Green Goodbyes: Go For Natural Burials to Save the Environment

Khryss | Published 2017-11-14 17:06

Not only that, you even get to help wildlife!

Traditional burials include embalming chemicals and coffin materials that's harmful for the soil. Meanwhile, alternatives like cremation pollutes the air, not to mention makes you pay through the nose as it typically costs around $7000.

This increases the appreciation for natural burials wherein bodies are enclosed in biodegradable containers when buried. Loved ones of the deceased may just have to put natural markers like plants to find its place after, which brings us to what's called conservation burials.

In conservation burials, as money can be saved when having natural burials, this can be used instead to fund conservation. That is, burial sites are doubled as a place for endangered native species. So, once the body is buried, it is then planted over with threatened species of plants.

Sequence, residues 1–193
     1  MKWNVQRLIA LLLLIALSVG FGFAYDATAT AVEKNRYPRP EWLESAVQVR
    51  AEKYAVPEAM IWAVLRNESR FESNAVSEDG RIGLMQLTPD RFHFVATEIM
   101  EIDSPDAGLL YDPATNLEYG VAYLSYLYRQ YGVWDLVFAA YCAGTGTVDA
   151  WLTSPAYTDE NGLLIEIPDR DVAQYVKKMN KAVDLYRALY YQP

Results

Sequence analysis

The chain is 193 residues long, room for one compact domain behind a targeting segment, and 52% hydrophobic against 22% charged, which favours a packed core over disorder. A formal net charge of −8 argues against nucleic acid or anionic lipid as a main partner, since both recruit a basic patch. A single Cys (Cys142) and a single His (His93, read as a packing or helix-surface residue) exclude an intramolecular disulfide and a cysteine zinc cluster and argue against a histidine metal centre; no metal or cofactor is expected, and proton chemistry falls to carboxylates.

“People are looking to create some sort of tangible legacy, which is why we spend all this money on fancy coffins and tombstones,” Matthew Holden at the University of Queensland in Australia says. “Maybe we can use this money to provide a conservation legacy instead.”

He calculated the theoretical money that can be raised when conservation burials become more common even at least in the US. If all 1.2 million Americans buried conventionally each year switch to natural burials, $3.8 billion could be raised for conservation! To compare, a previous study estimated a $4 billion a year cost of decreasing extinction risk of all threatened species on land (Science, doi.org/mg6).

“In my experience, the prime appeal of a natural burial is the return of the body to a living space that isn’t full of headstones and granite,” says Kevin Hartley at Earth Funerals, an Australian not-for-profit. “And then extending that – knowing it will lead to another acre of missing habitat being restored – it’s just lovely.”

https://www.newscientist.com/article/2152509-why-burying-loved-ones-in-unmarked-graves-could-save-wildlife/

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